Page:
A call to arms for personalisation
Is personalisation all hype? If not, why do so many Customer Experiences still suck?
Recently a fascinating image popped up in my Linkedin feed, showcasing the rapid martech landscape growth – from 150 products in 2011 to about 7,000 to 2018.
In 7 years there has been a 47X increase in the volume of technology available to marketers, and undoubtedly a comparable increase in the sophistication of said technology.
There’s also been a dramatic increase in the amount of mar-tech across categories that can drive customer experience improvements. As well as rapid growth in automation & testing/personalisation, we’ve seen the introduction of new categories like predictive analytics, DMP’s and customer data platforms.
To me though, there is a massive disconnect between the growth in the availability of technology that can improve Customer Experiences, and the actual improvements that have been made in the same time period.
The fascinating thing is, it’s not like these products are all smoke and mirrors, or that marketers think they don’t work. In each of the past 3 years, the Econsultancy CRO survey has reported that 94-98% of client side marketers believe website personalisation is a valuable or highly valuable method to improve conversion rates. And evidence abounds that the companies who are doing personalisation well are seeing the ROI and creating a competitive advantage – For example, Mckinsey reports personalisation can drive acquisition cost reductions of up to 50%.
But across the same 3 years that client side marketers have been overwhelmingly saying they believe in personalisation, and that the data has been showing it works, there have only been marginal improvements to the number who are actually doing it – from 22% in 2015 to 25% in 2017.
So what is the reason for this disconnect? Like the old cliché, personalisation is not an easy thing to do – if it were, it wouldn’t be worth doing. In the same econsultancy reports that marketers said they believed in personalisation, 80% of marketers rated it as very difficult or quite difficult to achieve.
Too often, organisations buy into the promise of these technologies and not the reality, going live without a plan in place for how the ROI promise will actually be delivered. Vendor conferences and presales don’t help, presenting case studies which illustrate beautiful and seamless customer experiences. But what is being presented is just the tip of the proverbial iceberg. The reality hiding beneath the surface is a fundamental shift to how these organisations are doing business. One marketer alone cannot drive these changes.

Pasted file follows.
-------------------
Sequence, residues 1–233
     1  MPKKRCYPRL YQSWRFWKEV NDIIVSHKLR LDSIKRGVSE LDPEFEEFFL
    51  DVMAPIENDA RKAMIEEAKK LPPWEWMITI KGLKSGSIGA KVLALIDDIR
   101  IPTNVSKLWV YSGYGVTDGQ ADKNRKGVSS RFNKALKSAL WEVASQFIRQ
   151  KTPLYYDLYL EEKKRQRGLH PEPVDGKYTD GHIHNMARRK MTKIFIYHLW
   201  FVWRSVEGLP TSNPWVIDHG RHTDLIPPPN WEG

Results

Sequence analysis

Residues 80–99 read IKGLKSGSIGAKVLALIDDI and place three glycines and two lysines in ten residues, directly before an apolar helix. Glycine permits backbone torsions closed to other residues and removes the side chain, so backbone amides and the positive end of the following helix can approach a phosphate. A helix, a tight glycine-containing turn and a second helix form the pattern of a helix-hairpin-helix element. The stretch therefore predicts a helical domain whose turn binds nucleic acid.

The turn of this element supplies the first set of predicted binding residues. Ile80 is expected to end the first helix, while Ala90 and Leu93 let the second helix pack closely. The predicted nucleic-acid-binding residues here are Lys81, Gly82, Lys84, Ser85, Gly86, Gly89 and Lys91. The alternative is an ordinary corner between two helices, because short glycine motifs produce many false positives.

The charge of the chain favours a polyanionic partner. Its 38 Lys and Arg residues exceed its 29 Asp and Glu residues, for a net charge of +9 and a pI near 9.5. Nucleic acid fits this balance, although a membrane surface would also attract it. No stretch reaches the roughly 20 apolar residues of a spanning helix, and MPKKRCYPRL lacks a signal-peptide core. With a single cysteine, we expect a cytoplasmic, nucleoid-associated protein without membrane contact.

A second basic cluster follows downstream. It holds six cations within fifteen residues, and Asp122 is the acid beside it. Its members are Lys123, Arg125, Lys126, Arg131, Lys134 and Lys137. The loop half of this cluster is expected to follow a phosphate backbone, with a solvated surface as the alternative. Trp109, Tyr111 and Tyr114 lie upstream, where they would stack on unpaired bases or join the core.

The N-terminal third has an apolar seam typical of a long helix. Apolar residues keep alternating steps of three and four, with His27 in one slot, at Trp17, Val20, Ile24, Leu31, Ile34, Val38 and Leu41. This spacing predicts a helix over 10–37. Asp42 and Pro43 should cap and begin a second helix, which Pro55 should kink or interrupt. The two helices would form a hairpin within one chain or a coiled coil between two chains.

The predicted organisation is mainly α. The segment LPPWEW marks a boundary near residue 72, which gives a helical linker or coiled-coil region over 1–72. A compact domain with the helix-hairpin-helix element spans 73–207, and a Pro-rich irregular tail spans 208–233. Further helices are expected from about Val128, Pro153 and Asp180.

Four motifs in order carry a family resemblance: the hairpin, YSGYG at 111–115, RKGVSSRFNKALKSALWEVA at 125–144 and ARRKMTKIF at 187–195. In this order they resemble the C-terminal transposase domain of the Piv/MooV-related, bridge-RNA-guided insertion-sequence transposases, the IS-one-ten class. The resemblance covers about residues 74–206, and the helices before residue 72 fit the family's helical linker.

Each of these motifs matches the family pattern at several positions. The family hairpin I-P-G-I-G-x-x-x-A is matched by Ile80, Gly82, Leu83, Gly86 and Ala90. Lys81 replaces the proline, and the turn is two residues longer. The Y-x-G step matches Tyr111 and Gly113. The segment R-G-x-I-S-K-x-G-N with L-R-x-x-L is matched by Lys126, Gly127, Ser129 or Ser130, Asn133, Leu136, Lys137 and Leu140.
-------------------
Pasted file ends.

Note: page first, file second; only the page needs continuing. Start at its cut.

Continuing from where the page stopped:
One very common example is around CRM adoption. It’s very clear that these systems could contain treasure troves of customer context with which to drive personalisation. But the challenge for most organisations isn’t how to integrate a properly maintained CRM with their other systems. For most B2B organisations I speak to though, even adoption of CRM is still a pipe dream – let alone doing anything with it after the fact. These are the sorts of shifts in culture that need to be driven by the C-level down.
As much as personalisation is difficult, it’s necessary.
Today, scandals like the Equifax & Cambridge Analytica/Facebook data breaches are receiving significant increases in media attention. Consumers are increasingly conscious of the way in which their data is being used and misused. In my view, just like workers increasingly ask when the dividend from economic growth will be felt in their living standards, consumers will increasingly ask when the CX dividend will be reflected from the numerous ways in which companies are tracking, measuring and profiling them. There’s ample data out there to support this too – Salesforce have found that 70% of consumers (and 82% of business consumers) say a companies understanding of their individual needs will influence their loyalty.
And while more technology is constantly touted as the solution to delivering remarkable customer experiences, it should actually be reframed as a barrier. Think about the most personalised communication you could have with a company and it’s probably a face to face conversation with a sales person. The more technology that is introduced into the equation, the less context is available about your experience and the less “personalised” it can be. Introduce a phone and your body language is now missing to the sales person. Make it email and your tone of voice is now gone too..
Visit the companies website and in most cases, you’re now interacting with something that was built some years ago. If you’re lucky and the company had some digital maturity when they built it, it would have been based on assumptions about segments of users, maybe with some user interviews and journey mapping too.
In this context, personalisation is not a nice to have activity that makes improvements to an experience already delivering on the needs of your customers. Personalisation is a war of attrition, fighting to adapt technology to identify and respond to the experiences that your customers are having – experiences that technology, lacking empathy and any innate ability to understand a users context, are fundamentally ill equipped to respond to.
So here is a call to arms for personalisation and its power to improve customer experiences. The competitive advantage is still there to be claimed. But will your organisation be a winner, or will it be left behind?